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Net Present Value (NPV)

Net present value is the present value of net cash inflows generated by a project including salvage value, if any, less the
initial investment on the project. It is one of the most reliable measures used in capital budgeting because it accounts for
time value of money by using discounted cash inflows.
Before calculating NPV, a target rate of return is set which is used to discount the net cash inflows from a project. Net cash
inflow equals total cash inflow during a period less the expenses directly incurred on generating the cash inflow.

Calculation Methods and Formulas

The first step involved in the calculation of NPV is the determination of the present value of net cash inflows from a
project or asset. The net cash flows may be even (i.e. equal cash inflows in different periods) or uneven (i.e. different cash
flows in different periods). When they are even, present value can be easily calculated by using the present value formula
of annuity. However, if they are uneven, we need to calculate the present value of each individual net cash inflow
In the second step we subtract the initial investment on the project from the total present value of inflows to arrive at net
present value.
Thus we have the following two formulas for the calculation of NPV:
When cash inflows are even:

1 (1 + i)-n

Initial Investment

In the above formula,

R is the net cash inflow expected to be received each period;
i is the required rate of return per period;
n are the number of periods during which the project is expected to operate and generate cash inflows.
When cash inflows are uneven:



(1 + i)1


(1 + i)2

+ ...
(1 + i)3

Initial Investment

i is the target rate of return per period;
R1 is the net cash inflow during the first period;
R2 is the net cash inflow during the second period;
R3 is the net cash inflow during the third period, and so on ...

Decision Rule
Accept the project only if its NPV is positive or zero. Reject the project having negative NPV. While comparing two or more
exclusive projects having positive NPVs, accept the one with highest NPV.

Example 1: Even Cash Inflows: Calculate the net present value of a project which requires an initial investment of
$243,000 and it is expected to generate a cash inflow of $50,000 each month for 12 months. Assume that the salvage value
of the project is zero. The target rate of return is 12% per annum.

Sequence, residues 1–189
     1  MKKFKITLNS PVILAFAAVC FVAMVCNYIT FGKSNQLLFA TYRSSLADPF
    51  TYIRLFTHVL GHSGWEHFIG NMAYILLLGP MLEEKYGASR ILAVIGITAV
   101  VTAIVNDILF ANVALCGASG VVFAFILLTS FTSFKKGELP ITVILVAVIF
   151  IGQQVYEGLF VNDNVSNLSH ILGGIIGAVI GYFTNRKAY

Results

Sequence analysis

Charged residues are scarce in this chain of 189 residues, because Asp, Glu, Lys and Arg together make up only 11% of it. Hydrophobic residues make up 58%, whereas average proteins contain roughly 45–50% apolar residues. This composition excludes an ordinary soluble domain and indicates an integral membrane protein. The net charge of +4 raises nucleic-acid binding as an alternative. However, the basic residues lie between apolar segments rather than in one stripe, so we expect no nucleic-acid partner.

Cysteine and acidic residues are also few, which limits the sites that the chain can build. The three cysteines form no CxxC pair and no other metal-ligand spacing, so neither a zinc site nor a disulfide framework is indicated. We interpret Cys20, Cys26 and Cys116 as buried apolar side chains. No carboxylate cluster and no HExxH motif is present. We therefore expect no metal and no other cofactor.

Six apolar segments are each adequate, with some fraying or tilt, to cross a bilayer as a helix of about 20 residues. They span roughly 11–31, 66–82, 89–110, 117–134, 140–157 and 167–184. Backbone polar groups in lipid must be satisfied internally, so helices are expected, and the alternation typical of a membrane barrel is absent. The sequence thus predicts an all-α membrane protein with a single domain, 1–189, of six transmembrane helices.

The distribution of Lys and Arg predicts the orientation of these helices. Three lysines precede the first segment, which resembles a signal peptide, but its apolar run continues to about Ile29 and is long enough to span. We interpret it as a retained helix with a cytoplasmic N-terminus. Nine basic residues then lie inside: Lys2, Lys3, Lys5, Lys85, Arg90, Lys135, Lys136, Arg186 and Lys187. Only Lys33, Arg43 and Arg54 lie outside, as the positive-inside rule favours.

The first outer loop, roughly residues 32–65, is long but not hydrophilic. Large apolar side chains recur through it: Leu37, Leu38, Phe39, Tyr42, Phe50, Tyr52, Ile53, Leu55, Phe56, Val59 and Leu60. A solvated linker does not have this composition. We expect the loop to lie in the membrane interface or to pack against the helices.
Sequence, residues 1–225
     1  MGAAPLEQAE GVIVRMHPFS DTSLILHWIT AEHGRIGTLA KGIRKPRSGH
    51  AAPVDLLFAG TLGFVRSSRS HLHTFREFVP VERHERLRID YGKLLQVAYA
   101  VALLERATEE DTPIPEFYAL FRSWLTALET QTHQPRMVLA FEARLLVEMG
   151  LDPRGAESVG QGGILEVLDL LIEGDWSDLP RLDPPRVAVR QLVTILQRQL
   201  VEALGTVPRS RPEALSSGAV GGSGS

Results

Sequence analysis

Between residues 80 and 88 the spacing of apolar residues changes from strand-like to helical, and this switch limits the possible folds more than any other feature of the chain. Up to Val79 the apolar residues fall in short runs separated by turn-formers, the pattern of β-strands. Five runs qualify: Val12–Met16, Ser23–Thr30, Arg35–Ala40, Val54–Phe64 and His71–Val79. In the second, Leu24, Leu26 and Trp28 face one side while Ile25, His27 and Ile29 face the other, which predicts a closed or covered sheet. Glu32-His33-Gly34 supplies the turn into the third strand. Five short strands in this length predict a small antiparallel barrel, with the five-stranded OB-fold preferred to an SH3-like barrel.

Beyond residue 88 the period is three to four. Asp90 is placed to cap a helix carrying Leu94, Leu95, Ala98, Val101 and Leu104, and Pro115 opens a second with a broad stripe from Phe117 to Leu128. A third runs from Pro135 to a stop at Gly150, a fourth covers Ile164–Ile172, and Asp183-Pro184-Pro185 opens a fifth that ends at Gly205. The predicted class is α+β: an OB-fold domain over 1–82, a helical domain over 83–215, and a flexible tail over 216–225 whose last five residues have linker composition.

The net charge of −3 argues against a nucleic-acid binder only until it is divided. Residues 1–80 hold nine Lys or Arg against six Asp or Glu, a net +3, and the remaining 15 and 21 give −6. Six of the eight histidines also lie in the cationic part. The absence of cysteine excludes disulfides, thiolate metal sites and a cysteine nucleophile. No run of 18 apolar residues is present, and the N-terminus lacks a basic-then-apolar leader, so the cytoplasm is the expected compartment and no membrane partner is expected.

We have,
Initial Investment = $243,000
Net Cash Inflow per Period = $50,000
Number of Periods = 12
Discount Rate per Period = 12% 12 = 1%
Net Present Value
= $50,000 (1 (1 + 1%)^-12) 1% $243,000
= $50,000 (1 1.01^-12) 0.01 $243,000
$50,000 (1 0.887449) 0.01 $243,000
$50,000 0.112551 0.01 $243,000
$50,000 11.2551 $243,000
$562,754 $243,000
Example 2: Uneven Cash Inflows: An initial investment on plant and machinery of $8,320 thousand is expected to
generate cash inflows of $3,411 thousand, $4,070 thousand, $5,824 thousand and $2,065 thousand at the end of first,
second, third and fourth year respectively. At the end of the fourth year, the machinery will be sold for $900 thousand.
Calculate the present value of the investment if the discount rate is 18%. Round your answer to nearest thousand dollars.
PV Factors:
Year 1 = 1 (1 + 18%)^1 0.8475
Year 2 = 1 (1 + 18%)^2 0.7182

Year 3 = 1 (1 + 18%)^3 0.6086

Year 4 = 1 (1 + 18%)^4 0.5158
The rest of the problem can be solved more efficiently in table format as show below:


Net Cash Inflow





Salvage Value


Total Cash Inflow





Present Value Factor





Present Value of Cash Flows $2,890.68 $2,923.01 $3,544.67 $1,529.31

Total PV of Cash Inflows


Initial Investment


Net Present Value



Advantage and Disadvantage of NPV

Advantage: Net present value accounts for time value of money. Thus it is more reliable than other investment appraisal
techniques which do not discount future cash flows such payback period and accounting rate of return.
Disadvantage: It is based on estimated future cash flows of the project and estimates may be far from actual results.